The only niggling thing is that explanations at the end come tumbling in a rather rushed manner, but by that time they don't really matter. As with so many books, in this one, it's more about the journey. The fact that this writer was able, with only words, to produce so much unease inside of me speaks to how well written I found this book to be. There are relatively few books I've read that move me like this one, that keep me up at night, and that still resonate days after reading them. I seriously cannot recommend this one highly enough. I loved this book. (less)
The Last Pirate is a wonderful book, very entertaining but at the same time very serious. It charts both the rise and fall of a man whose career gener...moreThe Last Pirate is a wonderful book, very entertaining but at the same time very serious. It charts both the rise and fall of a man whose career generated millions but whose addictions ultimately left him living under a bridge in Miami. It also examines how the author's life was affected by The Old Man's highs and lows, leaving him without a dad throughout his childhood.
When the author, "Little Tony" Doukoupil was six, "The Old Man" walked out on his family. In the author's first six years, Big Tony may not have qualified as father of the year (leaving his kid alone in a Disney hotel, doing heroin while his son had a bout of serious croup), but all the same, Little Tony adored his dad. Before Big Tony left, the family lived off the proceeds of Big Tony's wide-ranging, and very profitable dope-smuggling enterprise, which lasted more or less over a 20-year span of time. His crew consisted of a very small group of trusted friends, but their cleverness & caution fed the big machine of sellers and users in the U.S. After Big Tony's departure, the money started to dwindle, and when needed most, Big Tony was in such a cocaine and heroin-addled state that he couldn't remember where he'd buried the coolers of cash he'd stashed from New England to New Mexico. It was a big step down in the author's life -- going from one of the top private schools in Miami to becoming the poor kid was only part of how his father's absence affected his childhood. The author grew up from age six on without his dad, who in his mind's eye would become an outlaw and a pirate, engaging in the same sorts of renegade activities as pirates and smugglers of earlier times. Just recently, though, Tony Dokoupil the younger became a dad, and haunted by his absent father, set out to find out what he could about him. According to the author, it was his first Father's Day card that made him "terrified of the genes I carry and the man I may become." It also prompted him to discover his father's story so as to find some loophole in the account of his "father's rise and fall," something that would tell him that genetics aren't everything.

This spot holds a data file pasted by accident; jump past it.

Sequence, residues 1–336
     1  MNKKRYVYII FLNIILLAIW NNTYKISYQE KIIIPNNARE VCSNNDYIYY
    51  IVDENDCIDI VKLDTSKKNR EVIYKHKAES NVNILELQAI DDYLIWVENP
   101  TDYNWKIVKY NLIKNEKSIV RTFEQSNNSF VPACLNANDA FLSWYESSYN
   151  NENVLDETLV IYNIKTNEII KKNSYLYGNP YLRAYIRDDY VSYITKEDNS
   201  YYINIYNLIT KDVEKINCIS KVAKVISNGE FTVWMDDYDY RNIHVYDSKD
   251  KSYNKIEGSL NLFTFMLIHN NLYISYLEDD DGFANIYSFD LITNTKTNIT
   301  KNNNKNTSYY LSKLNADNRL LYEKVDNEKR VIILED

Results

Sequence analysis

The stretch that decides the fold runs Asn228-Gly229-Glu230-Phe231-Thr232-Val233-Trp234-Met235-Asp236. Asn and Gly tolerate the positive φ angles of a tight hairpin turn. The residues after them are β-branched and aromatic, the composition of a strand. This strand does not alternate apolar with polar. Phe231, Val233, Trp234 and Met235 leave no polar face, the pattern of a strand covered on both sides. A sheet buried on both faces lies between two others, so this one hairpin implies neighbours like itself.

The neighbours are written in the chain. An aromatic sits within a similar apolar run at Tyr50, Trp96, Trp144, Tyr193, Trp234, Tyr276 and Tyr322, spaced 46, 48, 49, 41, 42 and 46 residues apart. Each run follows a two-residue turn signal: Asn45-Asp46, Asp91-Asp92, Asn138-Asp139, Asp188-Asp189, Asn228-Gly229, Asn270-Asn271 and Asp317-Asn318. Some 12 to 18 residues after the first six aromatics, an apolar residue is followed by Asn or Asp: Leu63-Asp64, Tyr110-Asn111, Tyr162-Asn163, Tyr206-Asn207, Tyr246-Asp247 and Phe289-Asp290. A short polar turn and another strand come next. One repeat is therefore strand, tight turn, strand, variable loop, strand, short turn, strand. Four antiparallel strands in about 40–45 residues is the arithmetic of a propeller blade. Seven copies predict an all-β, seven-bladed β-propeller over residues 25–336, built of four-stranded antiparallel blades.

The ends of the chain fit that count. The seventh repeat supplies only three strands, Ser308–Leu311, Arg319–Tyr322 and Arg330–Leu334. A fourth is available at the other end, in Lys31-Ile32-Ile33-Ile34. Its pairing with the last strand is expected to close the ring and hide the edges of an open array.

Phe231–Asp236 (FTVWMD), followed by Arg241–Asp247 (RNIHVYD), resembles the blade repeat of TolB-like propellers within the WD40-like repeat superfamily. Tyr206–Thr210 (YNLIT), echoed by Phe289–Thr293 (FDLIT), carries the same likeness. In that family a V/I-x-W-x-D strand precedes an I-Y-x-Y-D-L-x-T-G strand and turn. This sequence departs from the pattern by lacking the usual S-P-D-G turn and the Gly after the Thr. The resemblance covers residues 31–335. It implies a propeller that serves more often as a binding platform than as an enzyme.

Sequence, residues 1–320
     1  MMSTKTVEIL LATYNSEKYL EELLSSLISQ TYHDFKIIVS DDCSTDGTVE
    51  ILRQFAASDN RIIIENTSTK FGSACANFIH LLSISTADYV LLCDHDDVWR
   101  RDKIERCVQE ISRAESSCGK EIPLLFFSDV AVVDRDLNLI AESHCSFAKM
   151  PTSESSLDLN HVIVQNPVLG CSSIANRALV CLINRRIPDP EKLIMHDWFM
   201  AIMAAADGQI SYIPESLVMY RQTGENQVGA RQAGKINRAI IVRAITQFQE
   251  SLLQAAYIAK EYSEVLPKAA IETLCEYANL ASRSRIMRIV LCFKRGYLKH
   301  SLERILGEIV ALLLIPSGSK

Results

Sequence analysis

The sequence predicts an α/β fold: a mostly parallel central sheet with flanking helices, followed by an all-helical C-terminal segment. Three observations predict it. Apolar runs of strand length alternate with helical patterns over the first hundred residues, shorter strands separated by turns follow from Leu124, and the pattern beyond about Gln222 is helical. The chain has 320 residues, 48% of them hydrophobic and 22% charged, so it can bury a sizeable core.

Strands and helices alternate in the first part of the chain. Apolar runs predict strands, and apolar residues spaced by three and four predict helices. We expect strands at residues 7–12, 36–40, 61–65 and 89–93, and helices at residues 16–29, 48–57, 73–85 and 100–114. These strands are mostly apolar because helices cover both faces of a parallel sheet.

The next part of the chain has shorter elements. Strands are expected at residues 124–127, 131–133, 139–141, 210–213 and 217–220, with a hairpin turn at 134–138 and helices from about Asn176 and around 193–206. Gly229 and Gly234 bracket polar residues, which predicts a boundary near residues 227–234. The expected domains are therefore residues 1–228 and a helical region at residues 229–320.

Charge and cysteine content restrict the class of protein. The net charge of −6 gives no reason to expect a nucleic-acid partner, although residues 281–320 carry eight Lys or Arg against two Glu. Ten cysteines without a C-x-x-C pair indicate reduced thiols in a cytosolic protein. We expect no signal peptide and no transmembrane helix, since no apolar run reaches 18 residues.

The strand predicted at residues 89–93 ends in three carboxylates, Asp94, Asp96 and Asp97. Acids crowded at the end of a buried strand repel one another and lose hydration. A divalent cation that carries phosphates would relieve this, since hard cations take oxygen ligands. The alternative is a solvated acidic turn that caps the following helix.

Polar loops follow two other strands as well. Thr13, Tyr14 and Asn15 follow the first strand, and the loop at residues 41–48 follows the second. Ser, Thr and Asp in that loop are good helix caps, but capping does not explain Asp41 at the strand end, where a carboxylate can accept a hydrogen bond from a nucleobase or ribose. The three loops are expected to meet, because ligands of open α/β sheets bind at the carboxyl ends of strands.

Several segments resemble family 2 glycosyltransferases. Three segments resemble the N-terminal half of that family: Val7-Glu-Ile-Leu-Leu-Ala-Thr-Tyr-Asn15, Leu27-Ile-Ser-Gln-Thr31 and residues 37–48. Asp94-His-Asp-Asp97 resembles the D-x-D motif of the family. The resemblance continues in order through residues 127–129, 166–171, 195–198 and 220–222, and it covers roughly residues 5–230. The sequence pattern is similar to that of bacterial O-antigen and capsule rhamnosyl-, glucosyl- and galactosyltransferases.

From various sources, the author has recreated as much of his father's history as possible, trying to form a better picture of who this man was and what he did. All he knew about his dad before starting to research this book had come to him only in "scraps." He goes into his father's family and childhood, then looks at the early days of his dad's dope experiences and how from there he became the head of one of the biggest pot-smuggling operations in American history. It's often funny, and at times eye opening, revealing for example, just how close America came in 1970s to totally decriminalizing marijuana, or a drug-related scandal in DC starring Peter Bourne, Jimmy Carter's chief drug policy adviser, or how DEA agents in South America would turn a blind eye for their own cut of the business. But on a more personal level, the story is much more on the troubling side, as Big Tony's family gets caught up in his decline primarily because of Big Tony's addictions, his "passion." The book also reveals, among other things, a brief history of the early days of marijuana legislation, and how the golden years of pot smuggling started to decline later on due to a) Reagan's policies and the War on Drugs, and b) the rise of less-risky homegrown, better-quality marijuana.
There's so much more to this book, and I've only briefly touched on it here. It's very honest, so much so that at times it's downright painful to read, but at the same time, some parts of this book are actually funny, and it definitely provides a perspective on the beginnings of the rather pointless war on drugs. When all is said and done, though, the author leaves the reader with the point that it's all about the choices people make in life -- and he's absolutely correct. What a good book! Definitely recommended. (less)
this is the short discussion; the longer one is at my online reading journal here.